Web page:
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Neutropenia

Neutropenia is the abnormally small number of neutrophil cells in the blood. Neutrophils are a granular white blood cell, the most common type of white blood cell. They are responsible for much of the bodies protection against infection. Patients with neutropenia are more vulnerable to bacterial infections.

Without prompt medical attention, Neutropenia may become life-threatening. Neutropenia can be acute or chronic and clinically is broken up into four levels based on severity.

signs and symptoms of neutropenia

Neutropenia is often a silent disease, that being one which is often difficult to see at first.
Therefore, neutropenia symptoms are generally discovered at a later stage when a patient has developed severe infections or sepsis. During an infection in these types of patients, common infections often take an unexpected course. For example, formation of pus, can be notably absent, as the formation of pus requires circulating neutrophils.

The following list of neutropenia symptoms is not indicative of the diagnosis of neutropenia, as many of the symptoms are general in nature and may refer to any number of diseases. Rather, the following list is a list of symptoms that often associate with the disease.

  • Frequent infections - as mentioned above.
  • Unusual redness, pain, or swelling around wounds
  • Fever
  • Diarrhoea
  • Burning sensation when urinating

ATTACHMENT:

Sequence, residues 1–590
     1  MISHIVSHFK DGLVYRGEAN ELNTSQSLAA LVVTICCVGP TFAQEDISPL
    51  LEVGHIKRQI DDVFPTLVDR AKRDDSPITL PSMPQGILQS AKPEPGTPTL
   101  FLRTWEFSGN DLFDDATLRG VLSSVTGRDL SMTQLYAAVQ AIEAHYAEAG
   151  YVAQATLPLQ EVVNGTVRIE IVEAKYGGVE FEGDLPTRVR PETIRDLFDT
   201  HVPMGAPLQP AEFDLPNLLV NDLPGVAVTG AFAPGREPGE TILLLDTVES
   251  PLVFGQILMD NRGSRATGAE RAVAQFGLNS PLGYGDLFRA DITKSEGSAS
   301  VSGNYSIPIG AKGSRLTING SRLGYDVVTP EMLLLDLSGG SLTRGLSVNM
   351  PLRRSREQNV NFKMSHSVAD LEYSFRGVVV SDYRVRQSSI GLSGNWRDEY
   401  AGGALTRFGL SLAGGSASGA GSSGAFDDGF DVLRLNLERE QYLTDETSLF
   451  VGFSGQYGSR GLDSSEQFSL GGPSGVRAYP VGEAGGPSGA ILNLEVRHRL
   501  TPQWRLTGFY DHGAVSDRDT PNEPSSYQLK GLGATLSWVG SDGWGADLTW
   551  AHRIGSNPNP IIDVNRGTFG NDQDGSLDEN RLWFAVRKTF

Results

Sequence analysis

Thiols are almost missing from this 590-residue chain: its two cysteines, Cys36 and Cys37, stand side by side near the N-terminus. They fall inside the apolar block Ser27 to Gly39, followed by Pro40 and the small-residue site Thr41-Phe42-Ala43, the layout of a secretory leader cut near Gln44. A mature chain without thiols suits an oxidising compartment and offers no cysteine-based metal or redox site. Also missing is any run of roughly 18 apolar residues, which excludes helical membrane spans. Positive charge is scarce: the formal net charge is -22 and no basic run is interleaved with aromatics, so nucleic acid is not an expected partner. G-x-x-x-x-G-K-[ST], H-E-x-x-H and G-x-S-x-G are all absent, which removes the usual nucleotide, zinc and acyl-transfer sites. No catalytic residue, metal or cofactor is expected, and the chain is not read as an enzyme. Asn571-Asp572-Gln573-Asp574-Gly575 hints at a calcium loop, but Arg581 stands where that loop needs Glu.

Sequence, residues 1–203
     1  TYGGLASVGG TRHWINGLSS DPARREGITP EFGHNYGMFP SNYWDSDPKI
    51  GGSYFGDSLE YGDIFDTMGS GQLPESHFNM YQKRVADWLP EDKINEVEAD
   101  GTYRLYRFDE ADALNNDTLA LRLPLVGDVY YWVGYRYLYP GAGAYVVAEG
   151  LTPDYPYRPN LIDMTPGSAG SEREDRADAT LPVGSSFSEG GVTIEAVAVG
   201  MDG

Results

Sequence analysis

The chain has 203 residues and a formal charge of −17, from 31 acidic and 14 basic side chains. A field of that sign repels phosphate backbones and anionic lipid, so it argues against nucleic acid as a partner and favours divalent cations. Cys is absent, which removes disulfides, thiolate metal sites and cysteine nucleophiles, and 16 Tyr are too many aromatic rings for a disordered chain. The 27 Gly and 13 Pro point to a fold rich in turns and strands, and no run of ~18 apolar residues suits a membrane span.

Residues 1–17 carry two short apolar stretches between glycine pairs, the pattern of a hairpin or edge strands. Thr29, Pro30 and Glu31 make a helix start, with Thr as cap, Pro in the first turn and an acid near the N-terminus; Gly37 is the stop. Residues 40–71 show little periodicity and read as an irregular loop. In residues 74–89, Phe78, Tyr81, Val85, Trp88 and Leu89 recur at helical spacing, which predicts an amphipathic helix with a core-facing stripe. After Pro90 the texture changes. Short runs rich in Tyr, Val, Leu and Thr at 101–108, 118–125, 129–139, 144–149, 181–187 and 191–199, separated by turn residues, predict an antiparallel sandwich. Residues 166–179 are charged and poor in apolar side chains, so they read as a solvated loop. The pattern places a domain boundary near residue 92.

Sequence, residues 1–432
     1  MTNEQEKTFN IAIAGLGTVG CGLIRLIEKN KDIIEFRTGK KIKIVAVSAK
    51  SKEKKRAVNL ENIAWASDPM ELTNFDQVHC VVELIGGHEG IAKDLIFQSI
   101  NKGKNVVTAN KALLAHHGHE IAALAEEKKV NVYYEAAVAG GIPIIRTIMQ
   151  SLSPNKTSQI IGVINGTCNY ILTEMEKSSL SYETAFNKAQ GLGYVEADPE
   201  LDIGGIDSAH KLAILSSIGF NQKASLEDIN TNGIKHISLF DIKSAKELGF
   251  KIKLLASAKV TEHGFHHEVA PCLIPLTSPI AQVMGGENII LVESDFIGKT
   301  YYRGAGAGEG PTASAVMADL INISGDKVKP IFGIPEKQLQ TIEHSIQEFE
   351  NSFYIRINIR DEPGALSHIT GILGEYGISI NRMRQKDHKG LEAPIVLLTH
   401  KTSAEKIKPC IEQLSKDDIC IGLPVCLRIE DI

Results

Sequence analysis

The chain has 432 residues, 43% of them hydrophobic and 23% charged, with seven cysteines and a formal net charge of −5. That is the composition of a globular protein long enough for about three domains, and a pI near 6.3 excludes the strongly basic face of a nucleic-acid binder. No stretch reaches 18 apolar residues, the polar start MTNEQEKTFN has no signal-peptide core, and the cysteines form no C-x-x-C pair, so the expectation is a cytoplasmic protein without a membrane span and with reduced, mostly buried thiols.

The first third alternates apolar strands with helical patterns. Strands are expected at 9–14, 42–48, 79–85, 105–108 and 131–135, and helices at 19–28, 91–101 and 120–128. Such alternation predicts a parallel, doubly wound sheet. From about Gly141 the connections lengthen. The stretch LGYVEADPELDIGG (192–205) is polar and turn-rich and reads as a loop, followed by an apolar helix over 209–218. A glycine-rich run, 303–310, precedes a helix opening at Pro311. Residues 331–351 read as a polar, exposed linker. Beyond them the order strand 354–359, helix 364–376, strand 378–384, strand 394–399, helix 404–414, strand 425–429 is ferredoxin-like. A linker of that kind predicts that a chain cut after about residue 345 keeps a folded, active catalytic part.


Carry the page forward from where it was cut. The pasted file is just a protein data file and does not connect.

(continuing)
• Frequent Sore throats
  • Shortness of Breath
  • Shaking chills
diagnoses of neutropenia

Depending on the severity of the disharmony, there are four general guidelines used to classify the severity of neutropenia based on the absolute neutrophil count (ANC) measured in cells per microlitre of blood:

  • Neutropenia: x < 2000 = slight risk of infection
  • Mild Neutropenia: 1000 < x < 1500 = minimal risk of infection
  • Moderate Neutropenia: 500 < x < 1000 = moderate risk of infection
  • Severe Neutropenia: x < 500 = severe risk of infection.
causes and types of neutropenia

Autoimmune Neutropenia

Common in infants and toddlers. The body identifies the neutrophils as foreign bodies and makes antibodies to destroy them thus attacking itself (autoimmune). This form typically begins to get better within two years of diagnosis.

Congenital Neutropenia ( Kostmann’s Syndrome )

A rare inherited form of Neutropenia. It affects children most often, and may result in premature loss of teeth and gum infections. The most severe form of chronic congenital neutropenia is known as Kostmann’s Syndrome.

Cyclic Neutropenia

Forming a rhythm, this type of neutropenia forms a cycle, occurring typically every three weeks and lasting three to six days at a time due to changing rates of cell production by the bone marrow. It is often familial, and typically improves after puberty. This is the rarest form of severe chronic neutropenia.

Idiopathic Neutropenia

A rare form which develops in children and adults typically in response to an illness or disease. It is diagnosed when the disorder cannot be attributed to any other diseases and often causes life-threatening infections.

Disclaimer: Information shared in this section is indicative. Please do not make any conclusion and we strongly recommend you to consult with your Doctor. Symptoms may vary with individual, geography, climate and lifestyle